If people REALLY don’t like the MB ride (though many of us did the stairs for years, it’s no big deal and actually kind of fun), go BB, WB or all the way to Queens.

    Hint: A LOT more people ride the subways over the MB than bike it so we gotta cool it.

  3. July 19, 2011 7:11 am

    Cross the Bowery at Canal, then head downtown two blocks and go west at Bayard. Left on Mott, right on Mosco, right on Mulberry, after eight blocks, turn left on Prince.

  4. Mike permalink
    July 19, 2011 9:59 am

    Bayard is one way the other way. Mott and Mulberry are extremely congested. Not a good detour.

  5. July 19, 2011 10:27 am

    Irina, thanks for your comment. It’s interesting what people read versus what I wrote. I’ve walked over the Manhattan Bridge many times and admired the view. Now I’m merely happy that one of the upsides of the new commute is that I get to admire it every morning.

    I’m sure the people who have been walking on the south side of the bridge for years really appreciated you biking there, even though you weren’t supposed to until Monday. You probably gave more ammo to the anti-bikers than the antagonist themselves.

  6. July 19, 2011 11:53 am

    > The whining of NYC bike riders 2011 is really pathetic. My, I don’t know how we ever rode bikes here 1890-2010!!
    > […]
    > Hint: A LOT more people ride the subways over the MB than bike it so we gotta cool it.

    You’ve defined the problem well, in spite of yourself. Most people are not comfortable doing what you guys did. That is why they have been riding the subways in far greater numbers than cycling. Most people are, to use your language, pathetic whiners.

    I don’t know if you want a medal of valor, or what. You are not going to be able to mold the new riders in your image, because if we wanted to ride like you we would indeed have started a long time ago. But you got by before and you will certainly find ways to avoid the new bike lanes and new slow cyclists that you hate.

    We are trying to gain safe and pleasant cycling routes for the rest of society. We have to do the opposite of “cooling it” to make that happen. We have to be just as demanding as the motorist minority, who have been sucking up all the funds and police protection for the past half century.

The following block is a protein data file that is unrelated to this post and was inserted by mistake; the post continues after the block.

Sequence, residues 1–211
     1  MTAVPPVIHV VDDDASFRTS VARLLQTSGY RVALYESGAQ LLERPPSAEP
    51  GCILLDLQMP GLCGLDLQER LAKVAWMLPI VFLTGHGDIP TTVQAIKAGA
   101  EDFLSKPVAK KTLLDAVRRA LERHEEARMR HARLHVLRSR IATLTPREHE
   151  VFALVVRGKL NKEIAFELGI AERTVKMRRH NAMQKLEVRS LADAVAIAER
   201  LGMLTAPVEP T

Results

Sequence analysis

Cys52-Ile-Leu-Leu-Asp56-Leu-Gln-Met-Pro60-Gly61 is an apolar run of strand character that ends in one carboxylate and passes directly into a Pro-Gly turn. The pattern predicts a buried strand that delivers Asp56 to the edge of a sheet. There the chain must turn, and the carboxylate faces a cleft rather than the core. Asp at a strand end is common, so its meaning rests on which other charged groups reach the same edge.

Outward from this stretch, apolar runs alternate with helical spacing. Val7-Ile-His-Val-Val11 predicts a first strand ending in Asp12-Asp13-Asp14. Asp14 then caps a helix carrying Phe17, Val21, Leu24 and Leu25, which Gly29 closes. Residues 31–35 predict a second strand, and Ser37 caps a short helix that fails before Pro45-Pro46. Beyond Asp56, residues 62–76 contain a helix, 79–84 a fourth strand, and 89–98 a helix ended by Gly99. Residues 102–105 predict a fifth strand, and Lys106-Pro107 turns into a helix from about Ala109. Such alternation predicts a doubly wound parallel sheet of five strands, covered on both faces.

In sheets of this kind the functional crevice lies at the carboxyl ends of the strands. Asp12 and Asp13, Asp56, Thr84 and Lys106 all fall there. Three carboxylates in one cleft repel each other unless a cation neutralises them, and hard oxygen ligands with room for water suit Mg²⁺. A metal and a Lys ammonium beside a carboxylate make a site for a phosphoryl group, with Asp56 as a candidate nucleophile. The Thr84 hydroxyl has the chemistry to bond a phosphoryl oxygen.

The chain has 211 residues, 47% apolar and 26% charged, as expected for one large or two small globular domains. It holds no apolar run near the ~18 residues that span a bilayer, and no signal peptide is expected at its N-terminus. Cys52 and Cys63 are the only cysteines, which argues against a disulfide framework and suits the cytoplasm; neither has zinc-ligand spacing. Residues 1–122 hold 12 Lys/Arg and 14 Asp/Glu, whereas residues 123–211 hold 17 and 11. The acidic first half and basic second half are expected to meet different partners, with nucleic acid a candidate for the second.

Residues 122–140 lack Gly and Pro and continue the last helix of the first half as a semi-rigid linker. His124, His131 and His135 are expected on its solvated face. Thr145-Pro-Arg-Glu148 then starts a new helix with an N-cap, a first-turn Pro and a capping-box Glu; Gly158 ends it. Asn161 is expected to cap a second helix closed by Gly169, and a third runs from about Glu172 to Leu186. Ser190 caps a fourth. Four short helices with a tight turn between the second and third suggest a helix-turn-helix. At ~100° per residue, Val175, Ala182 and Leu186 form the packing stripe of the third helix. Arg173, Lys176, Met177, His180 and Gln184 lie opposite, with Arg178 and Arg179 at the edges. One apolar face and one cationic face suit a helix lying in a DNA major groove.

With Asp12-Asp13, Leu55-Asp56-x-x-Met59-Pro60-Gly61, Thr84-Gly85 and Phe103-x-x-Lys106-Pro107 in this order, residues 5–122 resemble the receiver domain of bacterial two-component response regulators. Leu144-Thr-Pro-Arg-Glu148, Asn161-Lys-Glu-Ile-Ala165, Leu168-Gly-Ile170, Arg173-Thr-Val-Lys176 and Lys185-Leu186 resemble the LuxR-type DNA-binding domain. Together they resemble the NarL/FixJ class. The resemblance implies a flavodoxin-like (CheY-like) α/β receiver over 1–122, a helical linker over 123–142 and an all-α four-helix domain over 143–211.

7. July 19, 2011 12:17 pm

    Irina may be referring to when the south side was the side for bikes. Thanks for the thoughtful piece. At first, I was appalled by the detour, but now, I think it is not so bad. It’s not that I find no fault with the DOT, and I think this could have been better thought out. The main problem is with enforcement and that is true all over the city. Personally, the Bowery feels safer than the right hooks coming every block of 1st ave in the “protected” bike lane.

  8. July 19, 2011 6:01 pm

    Sorry Mike, I meant Pell St, which is two blocks south of Canal. You could also stay on Mott, cross Chatham Square and take East Broadway to Pike St, then turn left on the bikeway there.

    Yes, Mott and Mulberry are congested, like every other street in Chinatown, but unlike the Bowery, they are one-way and don’t have speeding traffic. They are probably less congested in the mornings than the Bowery. Don’t knock it until you’ve tried it.

  9. Jeffrey permalink
    July 19, 2011 10:50 pm

    There will never be an untouchable, un-dangerous bike route through the city. If you can’t learn how to negotiate traffic, potholes and pedestrians then yes, take the subway. Really. I find more genuinely dangerous obstacles in the new bike lanes (amateur riders, joggers and pedestrians) than I do in the middle of rush-hour traffic on Bowery or Broadway. At last there the flow of vehicles protects me from the above bike lane booby-traps.

  10. Chris M permalink
    July 21, 2011 12:00 pm

    I will not ride on Bowery except to get to Canal. The only way to make Bowery safe would be to build protected median bike lanes and ped islands similar to Allen St.